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Exercise During Pregnancy Keeps Newborn Size Normal

(HealthDay News) -- Along with keeping mom healthy, regular exercise during pregnancy helps prevent excessive newborn weight, a new study shows.

Published in the October issue of Obstetrics and Gynecology, the Norwegian researchers found that the odds of delivering a too-big baby dropped by as much as 28 percent in women who exercised regularly in their second and third trimesters during their first pregnancy.

"Women often adopt healthier habits before and during pregnancy, like stopping caffeine use. This study suggests that adding exercise to that list may be icing on the cake," said Dr. Robert Welch, chairman of obstetrics and gynecology at Providence Hospital in Southfield, Mich.

Known medically as fetal macrosomia, a heavier birth weight poses a risk to both the baby and the mother. If a baby weighs more than 8.8 pounds, the risk of delivery problems, C-sections, postpartum hemorrhage and low Apgar scores all increase, according to background information in the study. Larger birth weights have also been associated with an increased risk of obesity later in life, according to the researchers.

The study also reported that the number of too-big babies appears to be on the rise, while the number of women exercising during pregnancy is on the decline.

To measure what effect regular exercise has on newborn weight, the Norwegian researchers reviewed data from the Norwegian Mother and Child Cohort study. That database included information on nearly 37,000 women, whose pregnancies lasted at least 37 weeks.

All of the women were pregnant with one child. Two-thirds of the women were normal weight, and 20 percent were overweight, but not obese.

Exercise information was gathered at weeks 17 and 30 of the pregnancies. In women who'd never been pregnant before, 43 percent said they exercised three times a week or more before pregnancy. In women who'd previously been pregnant, 32 percent said they exercised three times a week or more.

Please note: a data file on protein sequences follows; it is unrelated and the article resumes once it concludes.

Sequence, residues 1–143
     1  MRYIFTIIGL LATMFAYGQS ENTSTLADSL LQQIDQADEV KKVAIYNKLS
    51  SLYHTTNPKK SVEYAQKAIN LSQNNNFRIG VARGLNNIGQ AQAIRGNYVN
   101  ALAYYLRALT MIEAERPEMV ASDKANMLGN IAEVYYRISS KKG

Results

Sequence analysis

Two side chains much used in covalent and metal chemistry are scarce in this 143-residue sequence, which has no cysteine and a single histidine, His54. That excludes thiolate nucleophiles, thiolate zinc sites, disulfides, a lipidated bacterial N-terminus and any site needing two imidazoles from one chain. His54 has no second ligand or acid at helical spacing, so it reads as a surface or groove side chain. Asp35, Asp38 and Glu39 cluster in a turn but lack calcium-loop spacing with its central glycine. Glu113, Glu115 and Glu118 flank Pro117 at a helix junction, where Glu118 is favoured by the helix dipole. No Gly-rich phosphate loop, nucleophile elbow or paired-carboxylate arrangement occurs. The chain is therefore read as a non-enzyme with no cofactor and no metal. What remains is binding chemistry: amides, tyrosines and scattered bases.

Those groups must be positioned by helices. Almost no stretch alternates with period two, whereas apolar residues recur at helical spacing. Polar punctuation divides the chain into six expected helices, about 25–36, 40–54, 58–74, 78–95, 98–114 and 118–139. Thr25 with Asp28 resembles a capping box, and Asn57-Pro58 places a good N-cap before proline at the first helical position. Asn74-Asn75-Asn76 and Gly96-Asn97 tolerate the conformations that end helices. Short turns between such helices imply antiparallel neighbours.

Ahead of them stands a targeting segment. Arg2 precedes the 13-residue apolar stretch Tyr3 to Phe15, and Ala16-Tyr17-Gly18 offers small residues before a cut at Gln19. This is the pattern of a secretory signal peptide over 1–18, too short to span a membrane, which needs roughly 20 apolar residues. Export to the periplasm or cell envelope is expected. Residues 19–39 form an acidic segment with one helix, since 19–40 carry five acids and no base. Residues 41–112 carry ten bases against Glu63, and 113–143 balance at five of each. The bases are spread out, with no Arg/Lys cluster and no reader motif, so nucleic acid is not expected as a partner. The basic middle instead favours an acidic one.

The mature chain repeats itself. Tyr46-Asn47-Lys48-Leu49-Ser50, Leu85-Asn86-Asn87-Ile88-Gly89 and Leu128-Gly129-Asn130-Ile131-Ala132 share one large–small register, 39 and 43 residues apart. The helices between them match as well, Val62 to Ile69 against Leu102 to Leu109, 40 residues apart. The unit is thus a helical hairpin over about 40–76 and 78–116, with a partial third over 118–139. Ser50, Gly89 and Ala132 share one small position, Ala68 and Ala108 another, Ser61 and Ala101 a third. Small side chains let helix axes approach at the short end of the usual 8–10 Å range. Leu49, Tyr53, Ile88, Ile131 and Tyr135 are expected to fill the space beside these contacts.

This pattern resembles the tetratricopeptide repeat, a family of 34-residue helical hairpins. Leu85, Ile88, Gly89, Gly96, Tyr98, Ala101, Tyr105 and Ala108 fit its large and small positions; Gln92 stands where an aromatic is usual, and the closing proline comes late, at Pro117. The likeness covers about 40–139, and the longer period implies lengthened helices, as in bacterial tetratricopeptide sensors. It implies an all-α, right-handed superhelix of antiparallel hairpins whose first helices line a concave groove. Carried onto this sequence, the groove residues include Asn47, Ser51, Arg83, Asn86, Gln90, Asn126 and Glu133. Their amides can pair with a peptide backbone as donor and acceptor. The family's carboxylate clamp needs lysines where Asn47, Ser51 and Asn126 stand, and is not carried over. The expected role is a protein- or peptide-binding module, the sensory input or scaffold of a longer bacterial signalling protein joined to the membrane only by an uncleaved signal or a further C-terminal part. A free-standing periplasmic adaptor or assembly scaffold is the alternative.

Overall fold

By the 30th week of pregnancy, 25 percent reported never exercising, and 19 percent said they exercised one to three times a month. Twenty-nine percent reported exercising one to two times weekly, while 24 percent said they were exercising three or more times each week.

Pre-pregnancy exercise didn't seem to make a difference in a baby's birth weight, but exercise during pregnancy did. In women who'd never been pregnant before, those who were exercising at least three times a week had a 28 percent reduced risk of a large birth weight baby, while those who were still regularly exercising at 30 weeks had a 23 percent decreased risk of having a too-big baby.

The effects of exercise didn't appear to be as consistently beneficial in women who'd already had children. When these women danced or participated in low-impact aerobics, they also reduced the likelihood of delivering a large baby, but when they swam or trained in fitness centers, the benefit disappeared.

Although the study wasn't able to address why this was so, Dr. Steven Allen, chairman of obstetrics and gynecology at Scott & White Healthcare in Temple, Texas, said it may be that this may be a risk factor that's less modifiable in subsequent pregnancies, or "they may not have had enough exercise."

Allen said that while exercise during pregnancy is definitely a good idea, these findings might be different if done with a different population. For example, American women are likely more ethnically diverse and have different average body-mass index levels.

But, in any case, Allen said, "Exercise should be encouraged for everyone who's healthy enough to do it. Exercise shouldn't be discontinued just because you're pregnant."

Allen added that research in the United States has also shown that women who exercise are less likely to have preterm deliveries.

Welch cautioned that as women progress in pregnancy, they should avoid any exercise that has them lay flat on their back, because this can restrict blood flow to both baby and mom. Also, contact sports are out, as is anything where falling might be likely, such as horseback riding.

He said he tells his patients to keep their heart rate to no more than 120 beats per minute during exercise. This allows you to get an aerobic workout, but isn't so much that it might shunt blood away from the baby, Welch explained.

SOURCES: Robert Welch, M.D., chairman, obstetrics and gynecology, Providence Hospital, Southfield, Mich.; Steven Allen, M.D., chairman, obstetrics and gynecology, Scott & White Healthcare, Temple, Texas; October 2009 Obstetrics and Gynecology Published on: September 21, 2009